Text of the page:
Georgia State safety forum gets surprise protest for undocumented students

A group of protesters asks for Becker's response to DACA students' rights. Photo by Sean Keenan | The Signal

A group of protesters asks for Becker's response to DACA students' rights. Photo by Sean Keenan | The Signal
A group of protesters asks for Becker’s response to DACA students’ rights.
Photo by Sean Keenan | The Signal

Following a string of armed robberies on Georgia State’s campus, University President Mark Becker took to the stage Thursday morning to address students’ safety concerns.

Becker shared the speaker’s throne with Georgia State University Police Deputy Chief Lt. Carlton Mullis and Vice President of Student Affairs Douglass Covey to field questions from Georgia State’s student body on matters of school security.

But chatter of potential safety precautions and installations was drowned out by the cries of about a dozen protesters calling for Becker’s attention to state laws on undocumented students’ rights.

The group, comprised of Panthers, DACA students from Freedom University (FU) and other advocates blurted out requests for answer to qualms with alleged racial profiling by university police.

Victor Morales, an organizer and former FU student who claimed he was unable to enroll at Georgia State due to his undocumented status, said this protest was a necessary distraction from the event’s main intenerary.

“I would have loved to attend such a prestigious institution,” he said. “Maybe it was disruptive, but it was a necessary action. They don’t listen when we leave comments and send emails.”

Mullis said the police department had received no such complaints.

During the town hall meeting, student ambassadors mulled around the Speaker’s Auditorium gathering questions on notecards from the crowd to deliver to the panel. The protesters even logged some questions in the formal fashion, according to Morales.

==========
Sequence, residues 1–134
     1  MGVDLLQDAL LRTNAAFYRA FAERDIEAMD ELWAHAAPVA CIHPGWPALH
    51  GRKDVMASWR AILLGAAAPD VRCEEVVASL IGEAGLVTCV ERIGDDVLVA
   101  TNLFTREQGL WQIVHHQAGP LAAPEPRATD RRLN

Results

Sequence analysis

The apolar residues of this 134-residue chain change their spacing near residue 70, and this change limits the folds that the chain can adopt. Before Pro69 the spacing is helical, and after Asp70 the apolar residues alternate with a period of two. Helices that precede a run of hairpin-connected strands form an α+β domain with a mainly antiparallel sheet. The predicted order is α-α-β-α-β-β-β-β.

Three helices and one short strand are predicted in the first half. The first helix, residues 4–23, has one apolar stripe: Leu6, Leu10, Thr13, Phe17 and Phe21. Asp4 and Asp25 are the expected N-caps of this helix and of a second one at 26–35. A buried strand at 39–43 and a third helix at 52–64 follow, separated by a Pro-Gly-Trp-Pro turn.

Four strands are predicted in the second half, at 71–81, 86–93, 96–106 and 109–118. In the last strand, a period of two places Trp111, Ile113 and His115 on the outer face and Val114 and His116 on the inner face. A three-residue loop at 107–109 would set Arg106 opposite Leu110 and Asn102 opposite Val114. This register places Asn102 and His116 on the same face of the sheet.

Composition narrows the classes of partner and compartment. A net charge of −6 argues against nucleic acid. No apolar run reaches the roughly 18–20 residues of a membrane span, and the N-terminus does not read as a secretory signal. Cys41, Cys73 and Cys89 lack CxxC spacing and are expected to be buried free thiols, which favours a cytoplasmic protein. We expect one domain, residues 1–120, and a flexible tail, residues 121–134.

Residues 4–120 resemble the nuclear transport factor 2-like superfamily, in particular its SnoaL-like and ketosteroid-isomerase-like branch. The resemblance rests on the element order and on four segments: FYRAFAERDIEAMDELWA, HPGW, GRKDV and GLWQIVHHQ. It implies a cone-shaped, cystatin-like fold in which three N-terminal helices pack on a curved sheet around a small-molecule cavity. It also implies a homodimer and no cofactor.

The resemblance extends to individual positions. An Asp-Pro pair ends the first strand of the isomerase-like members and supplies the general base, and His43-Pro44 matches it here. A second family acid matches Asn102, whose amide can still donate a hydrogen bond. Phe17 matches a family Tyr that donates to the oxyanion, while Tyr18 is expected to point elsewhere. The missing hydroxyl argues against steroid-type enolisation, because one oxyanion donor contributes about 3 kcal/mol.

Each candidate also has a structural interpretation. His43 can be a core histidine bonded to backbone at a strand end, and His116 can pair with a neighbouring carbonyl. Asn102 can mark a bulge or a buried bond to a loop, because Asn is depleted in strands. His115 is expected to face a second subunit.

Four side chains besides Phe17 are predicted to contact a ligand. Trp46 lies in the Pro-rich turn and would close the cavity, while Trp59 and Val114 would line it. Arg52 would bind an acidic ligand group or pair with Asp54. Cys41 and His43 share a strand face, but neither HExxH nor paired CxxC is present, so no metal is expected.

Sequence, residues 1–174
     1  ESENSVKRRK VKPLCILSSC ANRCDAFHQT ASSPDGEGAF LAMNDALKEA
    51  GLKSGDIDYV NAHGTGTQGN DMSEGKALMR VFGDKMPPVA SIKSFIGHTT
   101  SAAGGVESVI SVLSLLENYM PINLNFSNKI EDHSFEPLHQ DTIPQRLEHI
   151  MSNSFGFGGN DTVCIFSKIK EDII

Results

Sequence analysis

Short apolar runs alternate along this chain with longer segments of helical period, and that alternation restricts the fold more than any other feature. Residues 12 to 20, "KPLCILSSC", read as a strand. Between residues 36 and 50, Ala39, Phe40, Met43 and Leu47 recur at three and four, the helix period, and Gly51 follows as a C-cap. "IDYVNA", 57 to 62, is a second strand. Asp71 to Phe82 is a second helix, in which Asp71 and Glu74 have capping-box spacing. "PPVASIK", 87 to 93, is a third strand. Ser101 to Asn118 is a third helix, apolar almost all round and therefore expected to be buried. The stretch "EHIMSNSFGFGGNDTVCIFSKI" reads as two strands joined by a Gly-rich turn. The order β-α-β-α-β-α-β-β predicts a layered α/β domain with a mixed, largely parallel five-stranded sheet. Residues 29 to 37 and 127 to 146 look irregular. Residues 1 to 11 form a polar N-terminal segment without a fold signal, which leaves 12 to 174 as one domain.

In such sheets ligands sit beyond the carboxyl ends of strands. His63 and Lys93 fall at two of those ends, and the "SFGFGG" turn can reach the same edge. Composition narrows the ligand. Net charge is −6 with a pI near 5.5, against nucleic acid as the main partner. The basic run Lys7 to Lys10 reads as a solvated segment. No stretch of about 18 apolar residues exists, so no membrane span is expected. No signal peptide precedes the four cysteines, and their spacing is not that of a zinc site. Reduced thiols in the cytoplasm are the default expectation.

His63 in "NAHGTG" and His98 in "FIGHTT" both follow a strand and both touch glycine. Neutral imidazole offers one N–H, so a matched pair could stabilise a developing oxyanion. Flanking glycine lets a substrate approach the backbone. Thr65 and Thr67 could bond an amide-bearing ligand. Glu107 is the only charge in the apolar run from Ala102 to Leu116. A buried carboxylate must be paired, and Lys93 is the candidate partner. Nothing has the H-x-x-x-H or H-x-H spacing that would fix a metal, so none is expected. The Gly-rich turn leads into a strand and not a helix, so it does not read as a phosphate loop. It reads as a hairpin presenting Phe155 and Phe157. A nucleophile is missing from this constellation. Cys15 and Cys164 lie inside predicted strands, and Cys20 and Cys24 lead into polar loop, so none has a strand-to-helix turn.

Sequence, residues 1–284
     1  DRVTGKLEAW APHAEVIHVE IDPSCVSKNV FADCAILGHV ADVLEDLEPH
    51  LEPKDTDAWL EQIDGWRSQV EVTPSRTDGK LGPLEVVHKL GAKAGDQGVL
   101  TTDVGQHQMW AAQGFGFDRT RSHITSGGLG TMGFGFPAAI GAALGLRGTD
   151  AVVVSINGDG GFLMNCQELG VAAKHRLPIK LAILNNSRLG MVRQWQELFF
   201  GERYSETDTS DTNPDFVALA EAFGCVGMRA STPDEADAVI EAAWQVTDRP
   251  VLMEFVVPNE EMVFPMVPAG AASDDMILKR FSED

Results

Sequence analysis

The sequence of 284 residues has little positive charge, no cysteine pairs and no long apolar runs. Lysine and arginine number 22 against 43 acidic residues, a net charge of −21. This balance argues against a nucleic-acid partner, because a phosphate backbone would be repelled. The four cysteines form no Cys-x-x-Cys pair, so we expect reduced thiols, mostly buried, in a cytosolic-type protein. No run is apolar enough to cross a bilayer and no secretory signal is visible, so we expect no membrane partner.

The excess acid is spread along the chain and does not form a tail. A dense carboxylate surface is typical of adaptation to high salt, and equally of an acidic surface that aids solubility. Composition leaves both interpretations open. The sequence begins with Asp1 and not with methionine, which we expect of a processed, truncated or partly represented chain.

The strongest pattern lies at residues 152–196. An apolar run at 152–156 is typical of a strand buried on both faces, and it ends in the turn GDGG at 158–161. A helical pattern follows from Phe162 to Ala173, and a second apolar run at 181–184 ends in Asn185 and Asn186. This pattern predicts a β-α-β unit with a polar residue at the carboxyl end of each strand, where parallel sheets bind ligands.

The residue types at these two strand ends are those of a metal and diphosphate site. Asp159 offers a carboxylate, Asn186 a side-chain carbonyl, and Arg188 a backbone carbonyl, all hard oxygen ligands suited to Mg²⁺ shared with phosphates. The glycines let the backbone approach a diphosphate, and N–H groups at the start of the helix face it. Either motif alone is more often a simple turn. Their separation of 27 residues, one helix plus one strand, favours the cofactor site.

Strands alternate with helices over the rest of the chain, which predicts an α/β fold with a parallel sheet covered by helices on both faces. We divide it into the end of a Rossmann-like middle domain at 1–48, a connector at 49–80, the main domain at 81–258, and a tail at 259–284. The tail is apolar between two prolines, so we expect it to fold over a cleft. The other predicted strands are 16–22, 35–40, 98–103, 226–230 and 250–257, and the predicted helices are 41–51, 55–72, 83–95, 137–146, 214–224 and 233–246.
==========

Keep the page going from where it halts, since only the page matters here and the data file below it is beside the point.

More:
“They worded the questions to their favor,” he said, “so we felt the need to disrupt these meetings so people can see the inequality that is spreading around campus.”

Among queries of emergency response times and police escort services, Panther students asked about the efficacy and sustainability of Becker’s quickly-installed plan to tighten up library security.

Of his reaction to double police presence on campus, Becker told the audience budget cuts will be made to offset the costs. He claimed tuition and housing fees will not rise to compensate for the beef-up.

“We’re using overtime [pay] and reassigning officers to accommodate the situation,” he said. “But budget cuts will need to be made.”

“Metal detectors are being considered, but they’re certainly not the first and most immediate next action,” he said. “We know every person who enters the library due to the card-swipe system at the entrances.

Plus, Mullis said, no one — besides the victims — in each of the three recent “armed” robberies confirmed the presence of a firearm.

And Becker said after questions of his stance on “Campus Carry” legislation, that the University System of Georgia’s Board of Regents is in staunch opposition to letting student tote guns on school grounds.

Becker also said he’s on board with Student Government Association (SGA) Vice President of Academic Affairs David Jackson’s idea to install a MARTA-like “see something, say something” system. He also mentioned plans to sit down with SGA — and The Signal — to take the students’ voice into stronger consideration with future action.

“We agreed after this forum that we would meet with Student Government to discuss further action,” he said.

Mullis said GSUPD has recently teamed up with Crime Stoppers to offer a $2,000 reward for info on the suspect(s) involved in the two most recent library gun scares.

“You can remain anonymous,” he said. “And we do have leads we are pursuing. This is not a completely cold case.”

Mullis said, although the protesters took some attention from the topics at hand, he supports their right to voice concerns in a peaceful way.

“That’s actually covered by the constitution,” he said. “People are welcome to express their opinions in a lawful manner. I think that was a bit disruptive and it distracted other people from trying to get their point across, but this is the United States of America.”

1 Comment

  1. Hello I’m one of the organizers. This group was NOT a part of Freedom U. Please correct that mistake. Thanks

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